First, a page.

When it comes to leadership, Robert Hogan of Hogan Assessments has said what matters is not who you think you are but what everyone else thinks about you. A December 16 Forbes AdVoice article by Matt Barney of
Infosys Leadership Institute in India reported on research conducted by In-Sue Oh of Virginia Commonwealth University, Michael Mount of the University of Iowa, and Gang Wang, a graduate student at Iowa, that found reputation is indeed a valid predictor of job performance.
 
Kimberly Merriman of Pennsylvania State University, Robert Eisenberger of the University of Houston, Tom Becker of the University of Delaware, and Robert Brill of Moravian College contributed to a December 15 story in Business News Daily about the value businesses reap from a more motivated and productive staff by taking time at year’s end to recognize their work with gifts and parties and other forms of acknowledgement. Year-end recognition sends a message that the employment relationship is more than simply a transactional one, said Merriman. Eisenberger pointed out that the recognition must be seen as sincere to be effective and Becker added that supervisors should know staff members’ needs and values to select an appropriate reward. Brill said that it is important for management to show appreciation for employees all year, not just during the annual holiday season.
 
Research by Timothy Golden of Rensselaer Polytechnic Institute suggested that persons who work from home may experience greater stress, especially if they are married with children. The study found that the amount of stress depended upon the type of telework being performed and the conflict with family demands. News outlets where the story appeared included the December 5 issue of Discovery and Asian News Inc.
 
The December 4 Cleveland Plain Dealer had a story about arrogant leaders that featured comments from Stanley Silverman of Akron University. “Arrogant people are going to derail their careers. It’s just a matter of when,” he said. His use of a 26-item arrogance scale indicated that arrogant leaders tend to mask their own inadequacies, such as work incompetence or low self-esteem. Arrogant leaders often have a negative impact upon the workforce, said Silverman, noting that people tend to leave companies because of arrogant leaders not because they don’t like the company. He said companies need to embrace leader training sooner in their managers’ careers to help overcome arrogance.
 
The value an I-O trained psychologist can bring to an organization was highlighted in a case study in the December issue of Financial Advisor magazine. Harold Weinstein of H. Weinstein & Associates in Newtown, PA worked with Wescott Financial Advisory Group in reorganizing the way they operated. Wescott’s management was pleased with the results and said their firm became more efficient and stronger as a result of Weinstein’s organizational expertise.
 
Teacher evaluations are always challenging and Rodney McCloy and Andrea Sinclair, both with Human Resources Research Organization (HumRRO), authored an article in the November 20 edition of Education Week outlining some recommendations. The recommendations included developing performance measures that focus on those behaviors teachers are hired to do and to do well. In addition, it is important to maintain a distinction between performance and effectiveness. Performance drives effectiveness but effectiveness regards the results of that performance; they are not the same thing, they wrote. Keeping these concepts distinct allows evaluators to learn about both; confounding them prohibits learning about either one, they added.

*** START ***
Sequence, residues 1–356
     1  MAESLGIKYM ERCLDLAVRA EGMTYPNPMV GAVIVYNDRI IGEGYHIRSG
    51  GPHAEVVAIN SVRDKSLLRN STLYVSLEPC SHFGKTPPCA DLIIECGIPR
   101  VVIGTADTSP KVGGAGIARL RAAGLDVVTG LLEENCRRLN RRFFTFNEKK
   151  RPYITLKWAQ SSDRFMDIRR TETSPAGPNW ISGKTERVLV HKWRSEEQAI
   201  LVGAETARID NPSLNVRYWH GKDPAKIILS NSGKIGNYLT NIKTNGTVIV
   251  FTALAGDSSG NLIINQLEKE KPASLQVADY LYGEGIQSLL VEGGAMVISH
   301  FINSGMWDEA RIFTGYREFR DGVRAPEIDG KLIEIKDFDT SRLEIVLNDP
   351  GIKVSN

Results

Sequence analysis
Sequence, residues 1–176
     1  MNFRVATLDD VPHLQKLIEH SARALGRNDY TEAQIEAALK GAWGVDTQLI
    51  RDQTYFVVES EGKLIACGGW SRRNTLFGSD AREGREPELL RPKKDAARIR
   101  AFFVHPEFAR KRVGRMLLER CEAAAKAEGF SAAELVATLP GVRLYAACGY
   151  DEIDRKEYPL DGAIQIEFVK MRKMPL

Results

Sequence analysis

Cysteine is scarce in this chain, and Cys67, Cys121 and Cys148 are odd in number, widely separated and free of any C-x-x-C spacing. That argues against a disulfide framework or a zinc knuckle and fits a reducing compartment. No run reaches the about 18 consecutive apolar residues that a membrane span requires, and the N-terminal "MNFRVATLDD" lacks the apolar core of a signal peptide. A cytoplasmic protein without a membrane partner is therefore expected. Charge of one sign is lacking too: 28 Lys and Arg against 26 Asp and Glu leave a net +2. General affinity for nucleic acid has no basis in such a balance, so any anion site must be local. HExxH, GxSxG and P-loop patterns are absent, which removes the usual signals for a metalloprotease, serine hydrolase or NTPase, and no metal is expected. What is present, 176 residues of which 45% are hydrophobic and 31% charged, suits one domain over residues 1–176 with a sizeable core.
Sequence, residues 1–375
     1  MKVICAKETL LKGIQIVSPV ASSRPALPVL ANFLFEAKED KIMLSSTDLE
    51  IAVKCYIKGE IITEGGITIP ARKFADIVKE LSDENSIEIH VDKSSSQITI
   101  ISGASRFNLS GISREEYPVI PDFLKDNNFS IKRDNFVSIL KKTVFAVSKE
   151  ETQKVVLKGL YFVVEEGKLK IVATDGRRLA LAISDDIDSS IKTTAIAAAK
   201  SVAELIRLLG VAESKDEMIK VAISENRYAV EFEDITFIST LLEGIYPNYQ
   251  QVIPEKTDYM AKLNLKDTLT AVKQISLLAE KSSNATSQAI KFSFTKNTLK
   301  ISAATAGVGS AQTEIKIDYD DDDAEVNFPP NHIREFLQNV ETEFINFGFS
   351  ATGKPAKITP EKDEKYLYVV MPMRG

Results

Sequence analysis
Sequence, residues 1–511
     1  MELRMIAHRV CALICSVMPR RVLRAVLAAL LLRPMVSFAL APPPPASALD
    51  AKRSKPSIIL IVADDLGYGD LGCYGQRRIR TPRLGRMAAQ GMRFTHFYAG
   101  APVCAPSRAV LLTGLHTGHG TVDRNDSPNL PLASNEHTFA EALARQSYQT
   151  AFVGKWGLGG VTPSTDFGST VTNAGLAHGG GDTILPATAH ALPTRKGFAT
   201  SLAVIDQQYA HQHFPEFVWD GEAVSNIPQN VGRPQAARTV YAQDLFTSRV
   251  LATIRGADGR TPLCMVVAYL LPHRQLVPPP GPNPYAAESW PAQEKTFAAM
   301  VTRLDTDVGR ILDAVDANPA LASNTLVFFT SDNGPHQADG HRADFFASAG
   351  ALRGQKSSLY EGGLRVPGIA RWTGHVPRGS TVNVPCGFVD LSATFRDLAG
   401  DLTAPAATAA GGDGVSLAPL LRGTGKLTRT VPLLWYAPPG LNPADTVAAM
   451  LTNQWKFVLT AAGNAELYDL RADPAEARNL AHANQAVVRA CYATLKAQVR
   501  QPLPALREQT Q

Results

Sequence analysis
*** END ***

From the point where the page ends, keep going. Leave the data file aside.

A study by Gary Johns of Concordia University in Montreal about people who come to work despite being sick was reported in several media outlets including the November 17 National Post (Canada), Toronto Star, and Psych Central. The findings found that workers who felt insecure about their jobs were more likely to show up for work when they are suffering from a cold or the flu. Those who had job security and who considered absenteeism legitimate were less likely to be present at work while sick.
 
Paula Popovich of Ohio University wrote an article for the November 16 issue of The Athens News about the unholy threesome of sex, power, and sexual harassment. The basic cause of sexual harassment is sex and power, she said. Understanding and preventing it requires more than just repeating the legal definitions of sexual harassment. It also requires setting clear organizational and personal boundaries and empowering people to prevent the problem.
A new book by Richard Hackman of Harvard University was featured in a November 7 issue of Federal Computer Week. The book—Collaborative Intelligence: Using Teams to Solve Hard Problems—outlines four major ingredients for successful teams. They include not needing a good reason to create a team in the first place, specifying a compelling and motivating purpose of the team, paying attention to team composition, and focusing on promoting productive, task-oriented information sharing and deliberation.
Lynda Zugec of New York-based Workforce Consultants contributed to a November story in Redbook magazine showing how business strategies may strengthen a marriage. She said 360-degree reviews, which use evaluations from several sources and are commonly used in business, can also be applied to a marriage. Getting an outside perspective can be beneficial to the relationship, she pointed out.
 
She also was quoted in a September 13 issue of U.S. News and World Report story about factors to consider before relocating for a job, including whether the new salary covers living expenses in a new home and doing due diligence on the financial stability of the new organization. Relocation is more than just a new job and work assignment; there are several factors that need to taken into account to see if the move would be worth the change.
 
The October 16 Washington Post carried a career column by Joyce E. A. Russell of the University of Maryland that provided advice on negotiating salaries. When applicants are asked to list their salary requirements, she says do not include a salary number if it can be avoided; rather just put “negotiable,” which indicates you want to talk about it. She also suggested not bringing up salary early in the interview process.
 
Minnesota State University’s I-O program is providing real-world experience for students through a consulting program called Organizational Effectives Research Group (OERG). Faculty members Andi Lassiter and Lisa Perez were featured in an October 15 Mankato Free Press story about the program and described how students have gained experience consulting in Germany and Washington D.C. OERG specializes in employee selection, training and development, and fees collected from clients are put back into the program.
Please let us know if you, or a SIOP colleague, have contributed to a news story. We would like to include that mention in SIOP Members in the News.
Send copies of the article to SIOP at boutelle@siop.org or fax to 419-352-2645 or mail to SIOP at 440 East Poe Road, Suite 101, Bowling Green, OH 43402.